Model comparisons showed that the data predictor significantly improved model fit (χ12 = 1,106.03, p < 0.001). After controlling for this effect, the learner type predictor additionally contributed significantly to the fit of the model: χ12 = 2,422.79, p < 0.001. The regression coefficients (provided in Table 1) confirm that all fixed-effect predictors are significant. The intercept shows that, for the non-k = 3, l = 0 learners provided with the mean log amount of data, the odds of successful learning are abysmal (OR = 1:2,688.34, p < 0.001). The chances of success increase, on average, 5-fold when more data is provided to the learner (OR = 5.35:1, p < 0.001). Note that this predictor had been log-transformed, meaning that this 5.35-fold increase holds for every log n additional words provided; the effect in the original data is plotted in Figure 7 for the k = 3, l = 0 learner. Finally, the predictor encoding whether the optimal learner settings were used showed a significant effect in the expected direction: The learner set to k = 3, l = 0 performed 189.46 times as good as the average of the learners provided with different settings; in other words, the k = 3, l = 0 learner was significantly better than the others.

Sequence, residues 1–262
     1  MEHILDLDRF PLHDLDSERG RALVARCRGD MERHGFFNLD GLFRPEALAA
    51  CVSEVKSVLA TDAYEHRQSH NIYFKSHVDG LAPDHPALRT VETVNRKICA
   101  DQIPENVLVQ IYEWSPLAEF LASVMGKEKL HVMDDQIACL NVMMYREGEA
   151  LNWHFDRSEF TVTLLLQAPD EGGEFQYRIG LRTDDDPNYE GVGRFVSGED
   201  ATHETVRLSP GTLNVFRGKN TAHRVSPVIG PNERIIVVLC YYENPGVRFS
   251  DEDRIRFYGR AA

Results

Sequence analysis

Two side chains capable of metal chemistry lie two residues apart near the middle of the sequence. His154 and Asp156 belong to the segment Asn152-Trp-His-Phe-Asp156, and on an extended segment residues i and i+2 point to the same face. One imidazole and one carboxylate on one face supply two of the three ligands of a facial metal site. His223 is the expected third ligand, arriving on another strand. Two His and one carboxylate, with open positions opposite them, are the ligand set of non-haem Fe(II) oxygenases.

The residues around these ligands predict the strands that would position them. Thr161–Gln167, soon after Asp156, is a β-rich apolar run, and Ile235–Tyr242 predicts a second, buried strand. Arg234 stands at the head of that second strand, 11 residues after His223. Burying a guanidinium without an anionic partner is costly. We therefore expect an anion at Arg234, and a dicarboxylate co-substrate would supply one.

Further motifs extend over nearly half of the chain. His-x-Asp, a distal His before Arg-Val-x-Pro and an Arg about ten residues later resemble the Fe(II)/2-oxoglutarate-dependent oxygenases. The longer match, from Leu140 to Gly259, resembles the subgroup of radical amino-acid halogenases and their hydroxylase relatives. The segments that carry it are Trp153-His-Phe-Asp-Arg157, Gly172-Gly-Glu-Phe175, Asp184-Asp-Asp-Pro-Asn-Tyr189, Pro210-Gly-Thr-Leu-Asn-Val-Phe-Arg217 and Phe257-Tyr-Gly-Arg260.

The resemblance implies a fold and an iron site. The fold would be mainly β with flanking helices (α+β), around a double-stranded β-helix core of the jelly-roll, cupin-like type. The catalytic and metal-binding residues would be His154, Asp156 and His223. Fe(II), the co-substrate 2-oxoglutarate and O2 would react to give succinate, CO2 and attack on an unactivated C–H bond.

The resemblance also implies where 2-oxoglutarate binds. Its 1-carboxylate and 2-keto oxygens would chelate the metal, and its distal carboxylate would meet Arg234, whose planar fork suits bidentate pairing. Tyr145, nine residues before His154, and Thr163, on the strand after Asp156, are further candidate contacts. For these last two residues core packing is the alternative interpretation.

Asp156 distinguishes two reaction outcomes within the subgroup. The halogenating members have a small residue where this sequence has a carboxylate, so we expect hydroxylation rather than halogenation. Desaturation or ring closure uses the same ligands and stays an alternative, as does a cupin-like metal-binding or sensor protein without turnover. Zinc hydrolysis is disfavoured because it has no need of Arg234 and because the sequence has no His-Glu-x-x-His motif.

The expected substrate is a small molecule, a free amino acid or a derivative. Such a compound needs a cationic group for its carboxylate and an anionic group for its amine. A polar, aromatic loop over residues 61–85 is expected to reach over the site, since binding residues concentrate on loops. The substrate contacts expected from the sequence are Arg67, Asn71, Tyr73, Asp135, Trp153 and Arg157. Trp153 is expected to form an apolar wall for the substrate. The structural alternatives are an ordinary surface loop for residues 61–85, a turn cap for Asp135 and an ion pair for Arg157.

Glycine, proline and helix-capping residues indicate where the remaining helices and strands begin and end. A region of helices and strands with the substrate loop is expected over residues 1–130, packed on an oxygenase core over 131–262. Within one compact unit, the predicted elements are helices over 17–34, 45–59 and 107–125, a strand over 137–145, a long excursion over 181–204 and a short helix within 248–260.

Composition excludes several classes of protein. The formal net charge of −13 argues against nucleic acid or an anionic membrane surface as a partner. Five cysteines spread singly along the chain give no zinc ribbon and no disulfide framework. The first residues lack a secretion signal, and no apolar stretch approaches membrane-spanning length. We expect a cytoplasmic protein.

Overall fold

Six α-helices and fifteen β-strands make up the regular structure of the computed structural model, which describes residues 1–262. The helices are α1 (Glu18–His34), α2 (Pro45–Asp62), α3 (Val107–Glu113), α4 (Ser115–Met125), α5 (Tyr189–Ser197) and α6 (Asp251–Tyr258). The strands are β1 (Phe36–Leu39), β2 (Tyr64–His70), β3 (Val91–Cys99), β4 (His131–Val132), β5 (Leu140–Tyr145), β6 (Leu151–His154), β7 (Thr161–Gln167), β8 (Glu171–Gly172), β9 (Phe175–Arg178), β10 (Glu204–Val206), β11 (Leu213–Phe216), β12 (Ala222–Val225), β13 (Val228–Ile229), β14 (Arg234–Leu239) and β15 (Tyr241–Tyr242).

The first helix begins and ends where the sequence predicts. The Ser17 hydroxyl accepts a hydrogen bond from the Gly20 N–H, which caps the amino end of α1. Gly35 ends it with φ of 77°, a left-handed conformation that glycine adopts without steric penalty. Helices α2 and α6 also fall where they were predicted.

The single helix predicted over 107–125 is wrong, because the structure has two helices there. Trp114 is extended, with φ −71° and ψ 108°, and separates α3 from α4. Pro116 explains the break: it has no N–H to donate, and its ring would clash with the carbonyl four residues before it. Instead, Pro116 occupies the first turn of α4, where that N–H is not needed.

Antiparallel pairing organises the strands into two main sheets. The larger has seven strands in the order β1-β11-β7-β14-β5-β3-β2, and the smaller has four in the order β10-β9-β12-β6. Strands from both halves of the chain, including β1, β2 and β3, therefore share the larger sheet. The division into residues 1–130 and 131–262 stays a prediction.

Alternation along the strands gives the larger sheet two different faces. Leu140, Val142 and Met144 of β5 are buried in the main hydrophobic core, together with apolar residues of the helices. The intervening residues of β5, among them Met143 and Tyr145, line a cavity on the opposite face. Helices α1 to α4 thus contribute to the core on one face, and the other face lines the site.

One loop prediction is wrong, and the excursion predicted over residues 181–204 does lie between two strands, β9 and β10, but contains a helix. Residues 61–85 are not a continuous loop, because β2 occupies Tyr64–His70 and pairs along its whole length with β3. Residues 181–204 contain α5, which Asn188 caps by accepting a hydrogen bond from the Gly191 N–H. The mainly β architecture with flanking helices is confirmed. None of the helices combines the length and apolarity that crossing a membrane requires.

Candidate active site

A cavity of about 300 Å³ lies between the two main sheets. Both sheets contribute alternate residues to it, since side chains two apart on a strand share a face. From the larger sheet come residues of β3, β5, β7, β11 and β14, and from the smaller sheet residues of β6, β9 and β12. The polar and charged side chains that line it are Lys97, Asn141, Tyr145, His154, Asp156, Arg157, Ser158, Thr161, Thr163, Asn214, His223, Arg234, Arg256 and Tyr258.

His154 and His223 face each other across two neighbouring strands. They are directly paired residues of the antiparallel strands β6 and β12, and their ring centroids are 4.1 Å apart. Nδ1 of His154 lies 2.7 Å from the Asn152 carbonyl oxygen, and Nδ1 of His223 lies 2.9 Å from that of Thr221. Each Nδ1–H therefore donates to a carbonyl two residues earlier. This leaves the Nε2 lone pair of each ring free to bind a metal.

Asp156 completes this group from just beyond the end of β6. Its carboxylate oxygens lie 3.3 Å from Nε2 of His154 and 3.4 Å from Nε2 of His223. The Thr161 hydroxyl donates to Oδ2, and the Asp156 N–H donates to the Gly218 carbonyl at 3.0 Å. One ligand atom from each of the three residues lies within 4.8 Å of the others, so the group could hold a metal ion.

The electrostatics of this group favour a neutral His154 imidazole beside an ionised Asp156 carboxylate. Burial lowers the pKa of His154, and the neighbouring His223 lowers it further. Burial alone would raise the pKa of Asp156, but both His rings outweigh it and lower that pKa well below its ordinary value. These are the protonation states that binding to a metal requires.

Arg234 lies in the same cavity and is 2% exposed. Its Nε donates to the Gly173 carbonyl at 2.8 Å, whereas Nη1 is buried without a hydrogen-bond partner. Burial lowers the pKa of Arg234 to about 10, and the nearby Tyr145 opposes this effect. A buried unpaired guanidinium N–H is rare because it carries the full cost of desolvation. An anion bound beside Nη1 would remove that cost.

Table 1 

Fixed-effects estimates for the logistic regression model.

FactorEstimate (SE)Odds Ratiozp
Intercept −7.88 (0.58) 1:2,688.34 −13.70  <0.001 
Log amount of example data 1.68 (0.20) 5.35:1 8.25 <0.001 
Learner settings: k = 3, l = 0 5.24 (0.28) 189.46:1 18.87 <0.001 
FactorEstimate (SE)Odds Ratiozp
Intercept −7.88 (0.58) 1:2,688.34 −13.70  <0.001 
Log amount of example data 1.68 (0.20) 5.35:1 8.25 <0.001 
Learner settings: k = 3, l = 0 5.24 (0.28) 189.46:1 18.87 <0.001 
Figure 7